by D. A. Wells

"He threatened to shoot me.... I told him he better not miss because if he did I would take that rifle from him, shove it up his ass and pull the trigger."

This is a short memoir from a Midwesterner recalling events that occurred when he served in the army during the early 1950s. It consists of a collection of remembrances that transpired both stateside and overseas. While most of the author’s European time was spent in Trieste, Italy, there are references to such fabled cities as Casablanca, Ankara, Athens, and even parts of Yugoslavia.

The incidents themselves are mostly of a humorous nature. For those unfamiliar with military life, particularly among the lower ranks, the book provides a look at how soldiers of that time often dealt with the tedium of mostly non-combat service. Some of the more memorable instances recounted include an approach by and later a snub from Miss Italy, weapons being fired over the heads of Communist demonstrators, musical jam sessions with musicians who had never played together before, mascot dogs locked in sexual congress in the middle of a café, the witnessing of a traffic accident that winds up killing a man, and more.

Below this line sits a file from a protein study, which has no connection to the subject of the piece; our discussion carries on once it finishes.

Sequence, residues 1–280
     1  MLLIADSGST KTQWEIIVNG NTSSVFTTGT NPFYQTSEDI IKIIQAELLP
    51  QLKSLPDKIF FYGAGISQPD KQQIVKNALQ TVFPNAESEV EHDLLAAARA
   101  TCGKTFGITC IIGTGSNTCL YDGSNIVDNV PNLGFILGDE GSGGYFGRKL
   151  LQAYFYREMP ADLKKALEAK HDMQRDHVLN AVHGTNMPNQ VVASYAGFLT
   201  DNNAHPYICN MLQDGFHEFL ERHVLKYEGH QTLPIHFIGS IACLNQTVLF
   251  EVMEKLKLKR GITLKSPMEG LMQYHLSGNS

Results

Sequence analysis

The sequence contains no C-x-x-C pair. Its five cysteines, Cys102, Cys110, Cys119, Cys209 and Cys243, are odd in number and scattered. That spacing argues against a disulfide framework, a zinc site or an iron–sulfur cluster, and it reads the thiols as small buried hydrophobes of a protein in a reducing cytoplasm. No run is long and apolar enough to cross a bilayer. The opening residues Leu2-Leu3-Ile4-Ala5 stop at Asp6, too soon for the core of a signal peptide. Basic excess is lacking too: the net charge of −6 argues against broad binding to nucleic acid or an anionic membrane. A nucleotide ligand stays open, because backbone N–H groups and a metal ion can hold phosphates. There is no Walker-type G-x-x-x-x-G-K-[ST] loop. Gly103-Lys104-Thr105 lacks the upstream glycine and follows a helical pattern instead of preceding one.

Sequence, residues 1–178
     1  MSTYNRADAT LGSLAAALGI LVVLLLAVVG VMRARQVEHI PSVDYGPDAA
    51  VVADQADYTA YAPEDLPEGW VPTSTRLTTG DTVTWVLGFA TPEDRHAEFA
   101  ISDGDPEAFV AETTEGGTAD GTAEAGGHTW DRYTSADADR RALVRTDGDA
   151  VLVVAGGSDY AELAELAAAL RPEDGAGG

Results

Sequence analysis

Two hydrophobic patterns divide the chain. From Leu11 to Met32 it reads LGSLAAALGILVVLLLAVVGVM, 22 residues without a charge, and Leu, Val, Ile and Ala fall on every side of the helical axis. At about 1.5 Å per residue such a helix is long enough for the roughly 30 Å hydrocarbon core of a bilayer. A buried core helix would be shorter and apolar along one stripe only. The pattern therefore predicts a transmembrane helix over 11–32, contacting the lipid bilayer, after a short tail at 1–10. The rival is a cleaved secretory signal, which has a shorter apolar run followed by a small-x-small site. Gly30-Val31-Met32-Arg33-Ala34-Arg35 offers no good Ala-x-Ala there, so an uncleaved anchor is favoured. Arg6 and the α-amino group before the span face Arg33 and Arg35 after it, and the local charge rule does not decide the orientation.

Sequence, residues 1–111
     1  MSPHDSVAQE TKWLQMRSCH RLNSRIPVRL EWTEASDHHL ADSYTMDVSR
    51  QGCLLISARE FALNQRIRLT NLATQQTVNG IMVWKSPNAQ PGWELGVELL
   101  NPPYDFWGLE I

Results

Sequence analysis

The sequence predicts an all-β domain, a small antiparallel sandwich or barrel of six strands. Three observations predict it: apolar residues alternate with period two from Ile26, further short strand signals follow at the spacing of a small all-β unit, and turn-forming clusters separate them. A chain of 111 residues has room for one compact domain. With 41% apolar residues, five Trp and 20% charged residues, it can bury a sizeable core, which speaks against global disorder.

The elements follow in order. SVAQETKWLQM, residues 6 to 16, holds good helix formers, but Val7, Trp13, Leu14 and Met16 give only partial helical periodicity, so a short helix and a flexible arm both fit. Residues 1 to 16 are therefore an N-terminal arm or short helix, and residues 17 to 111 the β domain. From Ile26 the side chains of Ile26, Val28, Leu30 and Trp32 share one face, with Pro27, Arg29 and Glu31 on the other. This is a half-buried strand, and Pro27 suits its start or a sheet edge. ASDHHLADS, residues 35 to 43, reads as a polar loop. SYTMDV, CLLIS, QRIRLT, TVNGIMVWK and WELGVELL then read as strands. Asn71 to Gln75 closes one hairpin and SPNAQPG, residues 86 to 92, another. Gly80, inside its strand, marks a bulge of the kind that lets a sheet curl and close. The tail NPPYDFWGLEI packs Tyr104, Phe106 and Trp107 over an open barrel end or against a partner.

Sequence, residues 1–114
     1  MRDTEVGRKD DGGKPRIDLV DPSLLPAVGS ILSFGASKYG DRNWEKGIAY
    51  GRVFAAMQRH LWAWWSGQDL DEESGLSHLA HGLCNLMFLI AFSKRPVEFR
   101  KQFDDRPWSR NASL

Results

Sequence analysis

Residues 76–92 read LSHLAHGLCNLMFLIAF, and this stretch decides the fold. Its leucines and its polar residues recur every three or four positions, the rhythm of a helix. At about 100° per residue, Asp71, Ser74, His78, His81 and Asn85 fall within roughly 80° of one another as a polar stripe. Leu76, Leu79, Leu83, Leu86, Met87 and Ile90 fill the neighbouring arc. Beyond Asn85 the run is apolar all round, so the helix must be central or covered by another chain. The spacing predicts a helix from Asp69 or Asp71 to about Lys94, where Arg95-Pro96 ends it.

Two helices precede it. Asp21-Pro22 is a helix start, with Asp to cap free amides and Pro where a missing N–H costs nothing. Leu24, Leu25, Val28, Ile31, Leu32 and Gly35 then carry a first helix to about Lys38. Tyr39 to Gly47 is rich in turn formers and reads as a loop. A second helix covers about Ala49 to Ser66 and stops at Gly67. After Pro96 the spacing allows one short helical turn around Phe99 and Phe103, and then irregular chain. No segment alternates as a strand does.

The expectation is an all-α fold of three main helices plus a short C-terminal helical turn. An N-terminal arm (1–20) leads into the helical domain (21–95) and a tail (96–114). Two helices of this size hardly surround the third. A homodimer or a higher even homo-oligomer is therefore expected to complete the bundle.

Wells explains that his only experience as a writer, previous to penning this memoir, was the development of instruction manuals and various research papers. Here, however, he is able to maintain a very conversational tone that allows his personality as well as his experiences to be conveyed with warmth and fondness. Certainly, readers who served in the military at any point in time will be able to empathize with the feelings and emotions expressed in this lighthearted look back at what it was like to be a young man serving his country far from home.

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